Even with the most thoroughly tested tools and procedures, whether commercial or custom-built, the conditions necessary for a successful data migration may not occur because they are outside of the control of the data migration project. For instance, if the data migration environment is not configured as per the specifications provided by the Technical Migration Team (TMT), if the team is unable to execute the extract and transformation procedures in this environment, or if there is an insufficient number of software licenses available, the execution of a particular task can only be performed sequentially instead of in parallel. This will prolong the originallyplanned duration of this task. These conditions, and the likelihood of their occurrence, should be documented as thoroughly as possible and evaluated through a Risk Mitigation Matrix. This Risk Mitigation Matrix should be the standard mechanism for reporting risks and their corresponding contingencies or mitigation solutions. Each identified risk should be given a probability rating and impact level, and a brief statement should be made of a potential mitigation solution. Table 4 shows probability ratings.
Table 4: Data migration risk probability and impact levels.

Probability Rating
High Medium Low Impact levels are: • • • •

Impact Level
Likelihood > 70% 40% < Likelihood < 70% 5% < Likelihood < 40%

Catastrophic: failure of mission-essential services Critical: significantly degraded project performance Marginal: significantly degraded support function or secondary mission Negligible: inconvenience

Table 5 shows selected risks and risk-mitigation strategies, including their probability ratings and impact levels.

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Data Migration Roadmap Table 5: Data migration risk mitigation matrix. Probability Rating High Impact Level Critical

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Risk Description A Physical Data Model (PDM) does not exist for each legacy system. As a result, the precise structures are unknown to the implementation team, and the schedule is delayed while the missing PDM(s) is/are reverse engineered. Data quality issues are not identified until late in the project, thus causing delays and cost overruns.

Mitigation Strategy Work closely with Federal Student Aid and legacy contractors to gather PDM documentation early. Upon identifying any missing PDMs, the required database schema shall be reverse-engineered to provide the necessary PDMs.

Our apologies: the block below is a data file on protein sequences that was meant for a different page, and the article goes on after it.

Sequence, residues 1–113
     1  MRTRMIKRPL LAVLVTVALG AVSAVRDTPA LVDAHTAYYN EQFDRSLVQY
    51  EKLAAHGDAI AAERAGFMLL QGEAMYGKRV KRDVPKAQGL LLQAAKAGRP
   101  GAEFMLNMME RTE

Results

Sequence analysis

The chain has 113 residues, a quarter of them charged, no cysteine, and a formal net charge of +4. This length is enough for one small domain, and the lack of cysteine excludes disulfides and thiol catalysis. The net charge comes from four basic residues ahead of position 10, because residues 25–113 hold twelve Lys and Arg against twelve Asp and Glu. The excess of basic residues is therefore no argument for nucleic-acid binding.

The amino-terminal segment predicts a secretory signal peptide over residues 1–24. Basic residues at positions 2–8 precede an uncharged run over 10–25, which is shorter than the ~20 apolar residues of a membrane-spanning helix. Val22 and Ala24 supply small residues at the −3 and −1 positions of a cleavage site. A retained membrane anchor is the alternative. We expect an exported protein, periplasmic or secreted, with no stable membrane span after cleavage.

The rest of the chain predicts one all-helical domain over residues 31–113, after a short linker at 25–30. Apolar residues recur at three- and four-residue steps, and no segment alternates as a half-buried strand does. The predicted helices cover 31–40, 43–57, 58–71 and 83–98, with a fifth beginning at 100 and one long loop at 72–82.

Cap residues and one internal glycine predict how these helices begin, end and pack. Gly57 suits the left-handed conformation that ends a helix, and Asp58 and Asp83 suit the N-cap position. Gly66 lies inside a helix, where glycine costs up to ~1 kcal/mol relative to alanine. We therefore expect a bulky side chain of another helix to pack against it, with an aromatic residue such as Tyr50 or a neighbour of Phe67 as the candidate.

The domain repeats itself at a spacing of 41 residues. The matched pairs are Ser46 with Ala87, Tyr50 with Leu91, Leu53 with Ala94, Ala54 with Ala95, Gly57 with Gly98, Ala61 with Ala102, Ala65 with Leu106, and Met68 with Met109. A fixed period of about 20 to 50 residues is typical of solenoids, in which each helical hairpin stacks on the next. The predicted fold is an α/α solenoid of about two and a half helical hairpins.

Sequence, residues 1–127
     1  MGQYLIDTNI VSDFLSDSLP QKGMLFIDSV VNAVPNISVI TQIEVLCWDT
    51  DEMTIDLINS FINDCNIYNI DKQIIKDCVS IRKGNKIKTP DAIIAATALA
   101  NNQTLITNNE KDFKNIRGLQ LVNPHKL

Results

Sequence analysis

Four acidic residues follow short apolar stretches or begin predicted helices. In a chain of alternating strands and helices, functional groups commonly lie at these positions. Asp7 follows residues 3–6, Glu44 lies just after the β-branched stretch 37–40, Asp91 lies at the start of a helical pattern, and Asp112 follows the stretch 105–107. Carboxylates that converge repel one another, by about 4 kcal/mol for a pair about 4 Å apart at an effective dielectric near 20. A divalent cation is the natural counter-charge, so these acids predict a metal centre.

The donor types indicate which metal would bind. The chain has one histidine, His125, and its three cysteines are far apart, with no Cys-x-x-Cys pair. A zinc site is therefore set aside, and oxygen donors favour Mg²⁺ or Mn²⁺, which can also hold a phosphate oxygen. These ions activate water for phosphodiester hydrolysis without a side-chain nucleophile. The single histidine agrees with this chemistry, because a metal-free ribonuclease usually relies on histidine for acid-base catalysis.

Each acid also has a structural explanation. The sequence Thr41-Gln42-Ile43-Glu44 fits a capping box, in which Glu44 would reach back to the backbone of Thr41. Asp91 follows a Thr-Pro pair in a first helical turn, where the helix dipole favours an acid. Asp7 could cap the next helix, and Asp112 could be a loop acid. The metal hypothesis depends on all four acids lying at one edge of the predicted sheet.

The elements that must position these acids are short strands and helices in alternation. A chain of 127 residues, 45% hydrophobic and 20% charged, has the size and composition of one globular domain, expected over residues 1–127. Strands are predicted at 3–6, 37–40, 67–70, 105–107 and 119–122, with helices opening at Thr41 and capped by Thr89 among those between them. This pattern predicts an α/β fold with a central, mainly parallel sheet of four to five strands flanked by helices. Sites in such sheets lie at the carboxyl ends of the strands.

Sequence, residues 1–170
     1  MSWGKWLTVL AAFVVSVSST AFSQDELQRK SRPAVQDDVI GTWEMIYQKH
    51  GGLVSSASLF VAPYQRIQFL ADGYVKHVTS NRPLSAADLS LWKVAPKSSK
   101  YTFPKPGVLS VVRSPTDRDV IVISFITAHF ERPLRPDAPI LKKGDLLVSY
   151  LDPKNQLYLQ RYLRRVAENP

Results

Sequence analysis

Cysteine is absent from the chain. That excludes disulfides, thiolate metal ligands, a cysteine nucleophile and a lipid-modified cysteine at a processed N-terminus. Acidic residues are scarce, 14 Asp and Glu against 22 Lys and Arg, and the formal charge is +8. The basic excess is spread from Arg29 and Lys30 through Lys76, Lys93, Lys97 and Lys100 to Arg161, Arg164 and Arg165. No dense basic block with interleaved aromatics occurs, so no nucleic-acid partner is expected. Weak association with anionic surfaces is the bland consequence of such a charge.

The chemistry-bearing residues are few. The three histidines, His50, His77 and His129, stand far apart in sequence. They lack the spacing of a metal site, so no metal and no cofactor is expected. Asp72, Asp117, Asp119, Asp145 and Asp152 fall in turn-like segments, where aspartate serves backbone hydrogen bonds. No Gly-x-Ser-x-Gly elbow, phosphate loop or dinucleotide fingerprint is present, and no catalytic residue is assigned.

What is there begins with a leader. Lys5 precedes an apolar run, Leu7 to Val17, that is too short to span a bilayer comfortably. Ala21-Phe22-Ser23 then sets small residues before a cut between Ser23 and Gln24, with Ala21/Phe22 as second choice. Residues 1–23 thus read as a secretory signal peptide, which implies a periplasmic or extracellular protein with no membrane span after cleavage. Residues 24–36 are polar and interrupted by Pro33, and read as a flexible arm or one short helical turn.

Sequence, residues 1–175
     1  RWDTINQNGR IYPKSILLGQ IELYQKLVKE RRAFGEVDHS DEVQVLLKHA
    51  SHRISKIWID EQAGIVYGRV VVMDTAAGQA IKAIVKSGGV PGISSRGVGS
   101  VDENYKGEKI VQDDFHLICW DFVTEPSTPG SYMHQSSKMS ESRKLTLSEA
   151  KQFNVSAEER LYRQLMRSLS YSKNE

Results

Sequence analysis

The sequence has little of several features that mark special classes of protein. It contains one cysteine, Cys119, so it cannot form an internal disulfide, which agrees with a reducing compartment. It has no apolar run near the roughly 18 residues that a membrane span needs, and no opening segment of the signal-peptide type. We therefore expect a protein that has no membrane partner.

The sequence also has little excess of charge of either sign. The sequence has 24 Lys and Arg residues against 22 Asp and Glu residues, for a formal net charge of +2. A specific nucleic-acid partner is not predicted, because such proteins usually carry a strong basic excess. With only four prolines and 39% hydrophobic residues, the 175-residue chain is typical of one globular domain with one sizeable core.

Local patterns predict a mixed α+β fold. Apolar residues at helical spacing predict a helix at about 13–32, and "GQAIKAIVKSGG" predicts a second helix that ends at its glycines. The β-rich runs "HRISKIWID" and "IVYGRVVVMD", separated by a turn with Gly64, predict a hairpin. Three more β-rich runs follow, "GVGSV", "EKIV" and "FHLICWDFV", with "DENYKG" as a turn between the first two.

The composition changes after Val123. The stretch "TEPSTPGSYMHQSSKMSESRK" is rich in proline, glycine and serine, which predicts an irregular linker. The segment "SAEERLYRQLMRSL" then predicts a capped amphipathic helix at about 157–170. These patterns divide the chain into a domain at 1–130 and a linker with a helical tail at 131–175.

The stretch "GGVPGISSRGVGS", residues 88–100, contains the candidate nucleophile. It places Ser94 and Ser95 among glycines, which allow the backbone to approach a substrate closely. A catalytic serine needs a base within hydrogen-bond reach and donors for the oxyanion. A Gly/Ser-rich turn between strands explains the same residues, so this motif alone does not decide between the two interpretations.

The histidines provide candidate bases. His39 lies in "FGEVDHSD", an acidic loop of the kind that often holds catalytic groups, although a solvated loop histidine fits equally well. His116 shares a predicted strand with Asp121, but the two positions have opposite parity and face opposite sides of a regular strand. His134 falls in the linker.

Medium

Critical Quality review sessions will be conducted throughout each release so that data quality issues may be identified early and addressed accordingly.

Necessary database personnel are not available during migration.

Low

Critical

In case access to Federal Student Aid resources is very limited, the contractor should consider hiring a short-term consultant to develop the databases to support the target data.

Issues arising during the life cycle of the data migration project need to be reported, documented, and resolved as soon as they arise. At a minimum, the procedure for handling a concern/risk/issue should include the following steps: • Identify the concern/risk/issue (documentation). • Communicate the concern/risk/issue to the team. • Assign responsibility for analysis and resolution. • Analyze and determine a resolution or mitigation strategy (or explain inability to resolve). • Seek approval of the mitigation and/or solution. • Implement the approved solution, if possible. Review the Data Migration Risk Management Plan should be reviewed on a regular basis to ensure appropriate monitoring of risks.

2.2.3.4 Develop Data Migration Communications Plan
The Data Migration Communications Plan identifies all data management aspects (what, who, when, where, how, about) of the data migration project to stakeholders, Data Migration Team members, and (if needed) external personnel. This plan outlines the recipient, title of
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communication, content, format, and schedule of each document prepared and shared as a result of the data migration project. Only communications relevant to the migration effort are discussed. The Data Migration Communications Plan should cover at least the following: Status reports (weekly, monthly) Deliverables and their distribution list including approval authority Escalation procedures Data profiling findings Data cleansing findings Information about migration specific metrics, such as: o Data volume in source systems and what this means to the project with respect to throughput capability, time to migrate, etc. o Performance for data extract/load procedures o Sizing of staging area and target system Trial migration execution(s) results, including benchmarks Important decisions made or reviews passed throughout the lifecycle of the project, including: o Stage gate reviews o Approval for final data migration (deployment to production) Details about the final migration to target system (deployment) including metrics such as: Data volume migrated (total number of records) and statistics on: Accuracy (correct and flawed records in total number and percentage) Completeness (completed and failed records in total number and percentage) Total time to migrated all records Downtime of production system (start to finish) Throughput Post-migration activities, including: o Validation activities occurred (e.g. test cases performed and results) o Steps to resolve remaining migration issues (fix flawed records, research and verify any lost data, etc.)